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Thursday 17 Aug 2017 | 21:41 | SYDNEY
Thursday 17 Aug 2017 | 21:41 | SYDNEY

Policy in the age of trivia



18 January 2011 08:57

The last three issues of Quarterly Essay have been real agenda setters. David Marr's biography of Kevin Rudd contributed materially to Rudd's downfall, and Hugh White sparked a debate about China in a way no one else has managed.

Then came George Megalogenis' essay, 'Trivial Pursuit', published in November 2010 but which I read only last week after hearing numerous recommendations. Coming right after Hugh White's QE about the profound implicatications for Australia of China's rise, Megalogenis' essay is the despair-inducing bookend. For if White's essay is an urgent call for serious policy change, then Megalogenis has shown why that change is so unlikely to happen.

The theme of 'Trivial Pursuit' is the smallness of Australia's politics (illustrated perfectly by our vacuous election campaign) and the danger that this will condemn Australia to mediocrity. One of Megalogenis' strengths as a political reporter is his devotion to data, and the use of opinion polling, election results and economic statistics makes the argument of 'Trivial Pursuit' hard to dismiss. It is strange, then, that in concluding his essay, Megalogenis sets aside this preference and reaches for a more anecdotal explanation for his dark mood:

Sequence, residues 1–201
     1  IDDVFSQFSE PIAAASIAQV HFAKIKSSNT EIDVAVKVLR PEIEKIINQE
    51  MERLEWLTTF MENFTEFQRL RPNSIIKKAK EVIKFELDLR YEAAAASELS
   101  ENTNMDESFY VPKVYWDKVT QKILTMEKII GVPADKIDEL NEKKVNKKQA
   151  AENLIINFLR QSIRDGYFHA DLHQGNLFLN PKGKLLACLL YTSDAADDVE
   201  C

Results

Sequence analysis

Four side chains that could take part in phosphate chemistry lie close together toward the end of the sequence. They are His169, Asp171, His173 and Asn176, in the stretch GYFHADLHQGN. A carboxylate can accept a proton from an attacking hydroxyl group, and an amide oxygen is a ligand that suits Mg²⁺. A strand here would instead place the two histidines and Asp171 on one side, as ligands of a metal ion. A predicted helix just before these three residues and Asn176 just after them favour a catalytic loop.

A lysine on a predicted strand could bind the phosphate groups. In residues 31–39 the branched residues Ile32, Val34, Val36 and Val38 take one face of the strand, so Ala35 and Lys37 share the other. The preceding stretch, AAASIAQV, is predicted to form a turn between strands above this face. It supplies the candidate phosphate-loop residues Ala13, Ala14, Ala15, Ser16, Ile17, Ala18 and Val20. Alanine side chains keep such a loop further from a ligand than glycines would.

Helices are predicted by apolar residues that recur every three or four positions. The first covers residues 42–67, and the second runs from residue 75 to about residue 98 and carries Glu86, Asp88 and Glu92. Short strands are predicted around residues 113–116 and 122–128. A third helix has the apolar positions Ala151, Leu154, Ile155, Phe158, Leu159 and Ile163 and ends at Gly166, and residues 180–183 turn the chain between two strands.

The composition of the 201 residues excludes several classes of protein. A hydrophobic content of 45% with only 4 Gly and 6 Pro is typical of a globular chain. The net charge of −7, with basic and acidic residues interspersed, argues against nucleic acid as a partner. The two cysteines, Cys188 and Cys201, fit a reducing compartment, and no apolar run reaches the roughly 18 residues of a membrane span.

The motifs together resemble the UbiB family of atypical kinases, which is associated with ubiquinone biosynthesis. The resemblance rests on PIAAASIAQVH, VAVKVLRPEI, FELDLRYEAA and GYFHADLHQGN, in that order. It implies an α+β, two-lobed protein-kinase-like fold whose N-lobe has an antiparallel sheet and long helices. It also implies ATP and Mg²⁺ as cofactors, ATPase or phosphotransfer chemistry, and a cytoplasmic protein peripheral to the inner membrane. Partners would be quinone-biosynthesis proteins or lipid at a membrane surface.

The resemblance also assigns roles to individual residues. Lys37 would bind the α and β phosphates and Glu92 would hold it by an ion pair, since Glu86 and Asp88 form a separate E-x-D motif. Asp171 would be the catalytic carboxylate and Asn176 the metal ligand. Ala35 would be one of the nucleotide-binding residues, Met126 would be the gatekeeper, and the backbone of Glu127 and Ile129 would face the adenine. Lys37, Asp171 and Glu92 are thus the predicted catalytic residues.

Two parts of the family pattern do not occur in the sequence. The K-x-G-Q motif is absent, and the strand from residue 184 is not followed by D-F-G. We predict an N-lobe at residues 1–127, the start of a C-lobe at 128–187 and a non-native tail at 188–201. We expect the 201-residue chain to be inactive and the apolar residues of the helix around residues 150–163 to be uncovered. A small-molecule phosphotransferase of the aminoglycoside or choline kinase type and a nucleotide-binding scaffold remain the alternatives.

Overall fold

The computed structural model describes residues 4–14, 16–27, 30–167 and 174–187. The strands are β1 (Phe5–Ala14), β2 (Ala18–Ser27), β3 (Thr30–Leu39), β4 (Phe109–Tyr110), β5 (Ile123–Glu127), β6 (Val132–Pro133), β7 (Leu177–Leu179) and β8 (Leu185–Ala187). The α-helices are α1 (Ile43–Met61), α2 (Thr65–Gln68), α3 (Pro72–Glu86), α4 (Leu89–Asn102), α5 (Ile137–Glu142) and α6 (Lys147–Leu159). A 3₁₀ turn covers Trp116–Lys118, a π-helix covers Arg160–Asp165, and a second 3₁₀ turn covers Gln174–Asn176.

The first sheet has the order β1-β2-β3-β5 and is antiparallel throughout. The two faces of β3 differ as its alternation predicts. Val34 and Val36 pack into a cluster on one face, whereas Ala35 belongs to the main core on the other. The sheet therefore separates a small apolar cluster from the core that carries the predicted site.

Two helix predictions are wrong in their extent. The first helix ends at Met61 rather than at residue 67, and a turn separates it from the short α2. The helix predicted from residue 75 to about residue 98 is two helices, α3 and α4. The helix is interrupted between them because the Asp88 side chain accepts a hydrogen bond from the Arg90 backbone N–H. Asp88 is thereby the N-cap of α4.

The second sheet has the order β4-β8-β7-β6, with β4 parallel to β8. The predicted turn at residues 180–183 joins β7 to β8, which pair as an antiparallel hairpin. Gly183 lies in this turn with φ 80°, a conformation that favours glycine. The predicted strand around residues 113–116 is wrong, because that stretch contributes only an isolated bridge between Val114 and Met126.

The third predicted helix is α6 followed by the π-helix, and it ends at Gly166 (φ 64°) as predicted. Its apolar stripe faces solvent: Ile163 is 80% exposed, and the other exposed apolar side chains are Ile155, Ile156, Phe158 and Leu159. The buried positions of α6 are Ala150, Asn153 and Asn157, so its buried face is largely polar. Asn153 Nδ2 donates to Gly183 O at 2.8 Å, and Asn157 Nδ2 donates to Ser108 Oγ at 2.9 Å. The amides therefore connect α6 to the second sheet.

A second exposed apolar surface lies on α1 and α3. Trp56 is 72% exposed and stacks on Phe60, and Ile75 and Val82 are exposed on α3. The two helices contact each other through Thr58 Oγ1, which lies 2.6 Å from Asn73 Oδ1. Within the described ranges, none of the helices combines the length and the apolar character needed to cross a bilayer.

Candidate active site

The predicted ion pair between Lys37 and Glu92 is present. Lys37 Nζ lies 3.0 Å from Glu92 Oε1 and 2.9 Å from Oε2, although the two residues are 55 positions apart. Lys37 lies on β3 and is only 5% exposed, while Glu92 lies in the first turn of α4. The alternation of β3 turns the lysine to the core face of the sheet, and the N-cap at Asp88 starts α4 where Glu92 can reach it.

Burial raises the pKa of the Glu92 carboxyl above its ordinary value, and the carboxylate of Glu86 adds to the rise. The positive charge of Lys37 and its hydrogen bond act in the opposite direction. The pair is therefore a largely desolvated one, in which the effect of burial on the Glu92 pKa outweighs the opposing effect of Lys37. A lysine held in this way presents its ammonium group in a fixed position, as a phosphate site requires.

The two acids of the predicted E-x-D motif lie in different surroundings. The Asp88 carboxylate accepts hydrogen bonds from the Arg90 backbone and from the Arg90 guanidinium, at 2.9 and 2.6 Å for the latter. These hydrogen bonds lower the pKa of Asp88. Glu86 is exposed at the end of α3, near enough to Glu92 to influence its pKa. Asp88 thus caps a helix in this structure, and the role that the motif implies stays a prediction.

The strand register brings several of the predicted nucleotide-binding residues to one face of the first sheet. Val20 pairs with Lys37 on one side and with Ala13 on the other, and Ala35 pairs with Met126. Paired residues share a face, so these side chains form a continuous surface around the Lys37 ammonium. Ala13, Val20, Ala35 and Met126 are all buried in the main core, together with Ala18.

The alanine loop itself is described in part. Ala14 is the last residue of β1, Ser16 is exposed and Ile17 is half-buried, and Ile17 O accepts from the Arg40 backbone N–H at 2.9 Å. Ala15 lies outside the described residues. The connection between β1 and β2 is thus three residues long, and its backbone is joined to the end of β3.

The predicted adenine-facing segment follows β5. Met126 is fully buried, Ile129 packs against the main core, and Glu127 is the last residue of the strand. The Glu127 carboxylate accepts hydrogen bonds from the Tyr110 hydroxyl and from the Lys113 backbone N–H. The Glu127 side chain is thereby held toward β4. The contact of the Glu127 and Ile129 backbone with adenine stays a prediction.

What makes me pessimistic about the nation's politics now is the character of many of the people in it. The crew that delivered us such a silly campaign have to behave like adults to make the hung parliament work. They will need to overcome a generational instinct for instant gratification.

Instant gratification and a lack of patience are in fact recurring themes in 'Trivial Pursuit', yet Megalogenis presents no evidence that this generation of politicians (or voters) is less patient and more selfishly impulsive than those that came before.

If there is evidence, I would love to see it, but on it's face, I'm sceptical of this claim. Human nature changes very slowly, if it changes at all, so when behaviour changes (in this case, a decreasing willingness among voters and the political class to endure tough but necessary policy change), the explanation can more reliably be found in structural factors and incentives rather than in people's values.

So if Australians as a people have become less patient and more demanding of instant gratification, maybe the structure of our economy explains it. (Foreign Policy's Dan Drezner made this case well in response to claims that the GFC marked a decline in traditional American values of thrift and hard work.)

As for the structural factors that explain Australia's policy malaise, Megalogenis actually lays out many of them himself — the narrowing talent base of our political parties, the 24 hour media cycle, the graying voter base, poor leadership. That's plenty to worry about without questioning whether our moral fibre is fraying.

If this interpretation is right, it's actually a good news story. To again borrow Drezner's argument, values are very hard to change, so if they have indeed declined, the future is grim. But, by comparison, structure and incentives are easy to change. So, as long as we work hard to correctly identify the problems that ail our polity, the solutions will follow.

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